During the afternoon we performed the World Climate Change negotiations (UN) simulation, in which the challenge was to reach the agreement of keeping CO2 emissions in a maximum of 2 Celsius degrees increase in the global temperature, by year 2100. To reach the agreement the countries and nations were supposed to perform rounds of negotiations and come up with decisions regarding several climate mitigation policies.

The simulation was very interesting, who experienced the difficulty of reaching agreement with other nations. Despite the fact that this is a global level issue, each country or group of countries still focused on their own interests which resulted in exhaustive negotiations to reach common ground. Generally, developed countries that already completed their industrialisation process pressured developing countries to reduce rates of deforestation and to act more effectively. On the other hand, developing countries claimed that they needed to keep the industrialisation process to improve citizens’ well-being. On top of that, developed countries were reluctant to provide the amount of investments needed to finance the transition towards a low carbon economy on developing countries.

Later, a general discussion about the feelings and thoughts of performing each nation’s roles provided interesting insights. Two main aspects were the feeling of helplessness derived from the reluctance of countries to act and accept the urgency of the situation. Also, the restriction of the solution to monetary values was highlighted. Other incoherences were pointed out, for instance that the developed countries were pushing developing countries to act on deforestation, not taking into consideration that those are responsible for feeding the Global North with huge land areas for monoculture. At the same time, developed countries failed on relieving the pressure on countries that rely on food export. It was suggested that industrialised countries should enhance the food sovereignty and foster campaigns for changing consumer behaviours concerning food. Meat consumption reductions campaigns should be prioritised since meat consumption has a tremendous impact in the carbon emissions.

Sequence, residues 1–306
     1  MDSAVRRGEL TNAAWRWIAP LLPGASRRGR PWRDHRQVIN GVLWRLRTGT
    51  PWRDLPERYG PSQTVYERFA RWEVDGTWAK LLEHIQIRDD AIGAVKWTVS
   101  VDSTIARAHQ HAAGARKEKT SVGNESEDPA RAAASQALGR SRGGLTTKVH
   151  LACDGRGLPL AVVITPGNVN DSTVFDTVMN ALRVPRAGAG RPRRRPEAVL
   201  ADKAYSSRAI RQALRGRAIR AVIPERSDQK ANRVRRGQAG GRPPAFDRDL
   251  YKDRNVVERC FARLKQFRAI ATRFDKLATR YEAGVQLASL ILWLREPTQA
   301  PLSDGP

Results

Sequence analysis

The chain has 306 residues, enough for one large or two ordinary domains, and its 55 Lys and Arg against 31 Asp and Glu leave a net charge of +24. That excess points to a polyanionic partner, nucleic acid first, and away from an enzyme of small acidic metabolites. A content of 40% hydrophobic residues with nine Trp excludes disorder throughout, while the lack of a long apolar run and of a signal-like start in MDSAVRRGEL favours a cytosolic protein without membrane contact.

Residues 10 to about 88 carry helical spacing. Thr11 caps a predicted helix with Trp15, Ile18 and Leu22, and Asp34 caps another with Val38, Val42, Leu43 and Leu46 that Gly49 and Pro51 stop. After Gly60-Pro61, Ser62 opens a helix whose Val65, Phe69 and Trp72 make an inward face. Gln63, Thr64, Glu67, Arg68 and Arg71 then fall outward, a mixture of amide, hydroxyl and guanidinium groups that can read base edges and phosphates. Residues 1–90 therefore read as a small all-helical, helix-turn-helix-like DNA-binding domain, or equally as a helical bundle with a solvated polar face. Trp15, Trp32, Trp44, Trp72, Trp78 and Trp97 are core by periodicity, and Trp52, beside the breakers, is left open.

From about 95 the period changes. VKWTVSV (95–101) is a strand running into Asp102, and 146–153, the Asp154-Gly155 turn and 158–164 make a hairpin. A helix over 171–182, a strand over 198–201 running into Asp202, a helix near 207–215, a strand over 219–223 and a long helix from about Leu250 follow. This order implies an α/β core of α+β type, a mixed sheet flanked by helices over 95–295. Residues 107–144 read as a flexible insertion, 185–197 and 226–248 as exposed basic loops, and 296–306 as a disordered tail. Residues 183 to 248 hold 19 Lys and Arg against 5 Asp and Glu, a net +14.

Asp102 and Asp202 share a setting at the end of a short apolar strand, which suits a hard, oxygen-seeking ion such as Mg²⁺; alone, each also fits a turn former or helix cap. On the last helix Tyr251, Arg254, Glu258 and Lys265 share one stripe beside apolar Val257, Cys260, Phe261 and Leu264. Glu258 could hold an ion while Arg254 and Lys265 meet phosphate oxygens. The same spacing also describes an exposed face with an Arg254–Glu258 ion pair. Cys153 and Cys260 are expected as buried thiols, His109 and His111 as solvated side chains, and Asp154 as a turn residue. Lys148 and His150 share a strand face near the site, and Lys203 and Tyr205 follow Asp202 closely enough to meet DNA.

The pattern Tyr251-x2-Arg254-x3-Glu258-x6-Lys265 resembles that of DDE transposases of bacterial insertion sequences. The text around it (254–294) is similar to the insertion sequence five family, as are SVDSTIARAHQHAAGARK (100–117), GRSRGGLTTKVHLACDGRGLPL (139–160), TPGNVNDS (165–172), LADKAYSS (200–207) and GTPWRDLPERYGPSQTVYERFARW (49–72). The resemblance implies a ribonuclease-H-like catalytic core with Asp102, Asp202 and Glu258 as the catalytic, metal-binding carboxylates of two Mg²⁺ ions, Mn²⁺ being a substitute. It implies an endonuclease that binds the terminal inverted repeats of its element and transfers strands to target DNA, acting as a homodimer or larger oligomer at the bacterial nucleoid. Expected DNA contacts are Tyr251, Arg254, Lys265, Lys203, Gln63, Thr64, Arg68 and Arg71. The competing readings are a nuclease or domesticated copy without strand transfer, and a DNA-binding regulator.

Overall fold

As a conclusion, the UN simulation challenge provided an interesting overview of the global situation and the opportunity to experience each country’s perspective of the climate change issue. There is not much time left for discussing numbers, as scientists already affirmed that the 6th mass extinction is currently taking place in a fast-changing scenario that approximates to a turning point. Finally, it is undeniable that such negotiations are extremely necessary from a political and symbolical level, stimulating the nations to act. However, actions have to be taken within territories as soon as possible, demanding countries and citizens to take part in the problem while diplomatic agreements are not being effective.


Written by: Daniel Bergamo and Felizia Göltenboth

Based on the lectures by: Arnulf Gruebler (‘Reflections on how to draw system boundaries and implications when they are drawn “incorrectly”‘), Brian Fath (“Flourishing within Limits: Using ecological systems’ principles for regenerative economics”) and Helga Kromp-Kolb (“World Climate Simulation”)